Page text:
Will keep my eyes open for a Fraim glass shelf to replace my top shelf where my 552 sits. Thanks
Or you changed the centre of gravity of the Fraim rack, noting how heavy the 552 head unit is.
It’s always seem logical to me to have the kit placed forward, so the weight is primarily over the front spikes (as best possible).
Richard, has Naim ever experimented with using only 3 feet on their products? I know many manufacturers do this to cater for uneven surfaces.
The 552 PS will also like Fraim glass …
Having looked at the internal lay-outs of the larger PSs (e.g. 555/552PS), it seems the very heavy transformers are placed towards the front of the kit and to the RHS (as viewed from front). This is detectable when lifting the things in to place.
I wonder if this means the CoG is somewhat off-centre, which may render using 3 resting points challenging?
My NDX2 felt very ringy (on touch and e.g. when adjusted on the shelf at least). I found a decoupled glass shelf to help indeed.
Possibly, but the single foot at front/rear can be positioned off centre to deal with psu etc?
Although I can see OCD merchants feinting at the thought of something not in the middle.
I try to place the glass evenly over the bearings and the box evenly on the glass, to distribute the weight as evenly as possible over the 3 spikes (though it appears there may be some front bias with this set up). What is your reasoning for putting the weight forward?
‘OCD merchants’ – I think you’re posting on the wrong Forum. Please provide evidence of this, and I will not accept links to 99% of the threads in the HiFi Corner and Streaming Rooms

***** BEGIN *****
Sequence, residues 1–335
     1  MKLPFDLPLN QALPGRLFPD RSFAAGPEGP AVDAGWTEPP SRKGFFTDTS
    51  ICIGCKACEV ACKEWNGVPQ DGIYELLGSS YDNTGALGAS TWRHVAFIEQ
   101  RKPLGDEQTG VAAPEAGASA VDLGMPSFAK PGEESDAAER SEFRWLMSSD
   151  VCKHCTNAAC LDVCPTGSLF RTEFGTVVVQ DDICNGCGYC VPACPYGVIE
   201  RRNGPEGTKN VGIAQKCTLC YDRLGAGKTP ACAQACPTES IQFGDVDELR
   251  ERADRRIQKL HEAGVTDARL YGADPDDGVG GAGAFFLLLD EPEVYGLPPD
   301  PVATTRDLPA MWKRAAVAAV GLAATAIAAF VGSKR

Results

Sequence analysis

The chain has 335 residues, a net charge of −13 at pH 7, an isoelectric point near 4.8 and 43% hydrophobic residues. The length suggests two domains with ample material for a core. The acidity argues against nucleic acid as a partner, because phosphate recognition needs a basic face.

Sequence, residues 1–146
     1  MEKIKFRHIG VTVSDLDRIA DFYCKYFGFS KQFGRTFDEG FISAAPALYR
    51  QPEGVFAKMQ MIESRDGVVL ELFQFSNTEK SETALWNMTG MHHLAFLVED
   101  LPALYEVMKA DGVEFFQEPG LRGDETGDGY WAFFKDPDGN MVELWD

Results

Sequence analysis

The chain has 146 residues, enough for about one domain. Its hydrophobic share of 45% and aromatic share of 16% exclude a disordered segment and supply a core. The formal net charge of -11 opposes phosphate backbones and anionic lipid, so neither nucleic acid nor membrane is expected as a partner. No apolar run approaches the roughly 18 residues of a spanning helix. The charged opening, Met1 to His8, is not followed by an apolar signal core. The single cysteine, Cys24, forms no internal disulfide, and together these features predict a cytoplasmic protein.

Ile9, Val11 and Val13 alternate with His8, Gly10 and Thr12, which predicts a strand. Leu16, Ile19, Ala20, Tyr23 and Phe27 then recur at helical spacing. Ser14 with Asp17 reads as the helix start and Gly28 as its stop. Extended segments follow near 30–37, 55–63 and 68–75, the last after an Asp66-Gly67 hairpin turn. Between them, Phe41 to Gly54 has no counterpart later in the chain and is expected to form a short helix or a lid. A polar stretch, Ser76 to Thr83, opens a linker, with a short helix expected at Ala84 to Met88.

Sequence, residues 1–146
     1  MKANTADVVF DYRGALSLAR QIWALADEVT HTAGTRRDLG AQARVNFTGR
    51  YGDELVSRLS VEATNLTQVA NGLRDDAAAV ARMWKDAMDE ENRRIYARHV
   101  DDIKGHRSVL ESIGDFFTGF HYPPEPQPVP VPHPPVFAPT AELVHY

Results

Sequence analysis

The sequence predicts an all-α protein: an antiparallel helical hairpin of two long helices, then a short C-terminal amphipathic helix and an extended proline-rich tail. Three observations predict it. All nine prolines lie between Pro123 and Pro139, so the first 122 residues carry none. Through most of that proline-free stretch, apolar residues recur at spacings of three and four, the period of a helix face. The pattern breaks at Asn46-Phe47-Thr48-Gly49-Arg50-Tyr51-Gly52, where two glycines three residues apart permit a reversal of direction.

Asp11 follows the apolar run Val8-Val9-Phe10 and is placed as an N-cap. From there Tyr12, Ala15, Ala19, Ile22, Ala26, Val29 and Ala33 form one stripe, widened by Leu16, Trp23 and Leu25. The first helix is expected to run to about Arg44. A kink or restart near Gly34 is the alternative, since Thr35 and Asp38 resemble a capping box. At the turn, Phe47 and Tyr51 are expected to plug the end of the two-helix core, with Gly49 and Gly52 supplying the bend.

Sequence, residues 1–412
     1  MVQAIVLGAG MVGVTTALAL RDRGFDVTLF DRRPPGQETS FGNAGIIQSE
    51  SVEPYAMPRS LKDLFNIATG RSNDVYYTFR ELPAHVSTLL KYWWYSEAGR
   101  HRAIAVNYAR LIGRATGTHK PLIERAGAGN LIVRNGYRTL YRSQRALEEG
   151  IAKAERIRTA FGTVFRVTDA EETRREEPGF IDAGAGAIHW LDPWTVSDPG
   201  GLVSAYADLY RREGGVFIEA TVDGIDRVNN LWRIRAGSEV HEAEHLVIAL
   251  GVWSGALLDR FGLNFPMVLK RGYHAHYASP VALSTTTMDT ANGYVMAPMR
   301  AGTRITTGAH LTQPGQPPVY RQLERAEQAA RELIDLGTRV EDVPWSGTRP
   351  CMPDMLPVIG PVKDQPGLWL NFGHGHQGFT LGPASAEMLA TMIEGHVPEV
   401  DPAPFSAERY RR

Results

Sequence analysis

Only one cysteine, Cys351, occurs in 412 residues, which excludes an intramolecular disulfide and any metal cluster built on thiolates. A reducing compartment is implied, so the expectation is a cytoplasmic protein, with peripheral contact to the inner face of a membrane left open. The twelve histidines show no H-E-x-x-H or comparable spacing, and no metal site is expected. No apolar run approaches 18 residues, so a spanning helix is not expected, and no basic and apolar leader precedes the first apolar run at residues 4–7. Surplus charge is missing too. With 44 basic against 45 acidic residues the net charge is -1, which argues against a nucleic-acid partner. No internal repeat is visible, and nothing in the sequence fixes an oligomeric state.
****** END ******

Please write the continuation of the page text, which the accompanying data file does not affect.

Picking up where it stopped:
3 wheels on a heavy car isn’t an answer, so I cannot see how, in engineering terms, 3 points would work for a heavy box of Naim kit. Can you imagine trying to centre the mass on a 3-point Fraim glass set-up?
I believe so yes. IIRC, I asked during the early days of my time at Naim, and the answer was that four feet sounded best when tested.
With my Fraim, things tend to sit better (OCD alert!) with the unit fronts to the front edge of the glass, with the glass level with the shelf edge. Any further forward and the rear ball can be endangered.
You can move the units fronts ahead of the shelf edges but this is going too far for me.
Richard – is the casework uniform across the individual ranges as to where the feet are?
You’d need differently drilled casework for the PSs due to the transformers if 3 feet were to be used, given how off-centre these are.
HL, I think it is on the Classic kit, not sure about the others.
As far as I can recall, all the cases have one foot at each corner.
All of my cases have (hard) rubber feet - except the CDS II, which has metal feet. Someone explained once why the CDS has metal feet, but I have forgotten the reason that was given. Something to do with reducing microphony, perhaps?
Hard feet when there is a suspension.
The hard feet make the box very slippery. Something that potentially can cause an expensive accident.
Musical sound is more important than convenience
On the 500 series the alloy feet have a hollow recess so you can stick small rubber pips to Fraim glass to prevent any accidents. Just important to ensure that the rubber pips are properly placed and the feet centered so not actually contacting the feet for best performance.
Ah, are those rubber pips to be bought from the after market or naim provide them? Can a naim reseller sell me a naim set if I ask for it?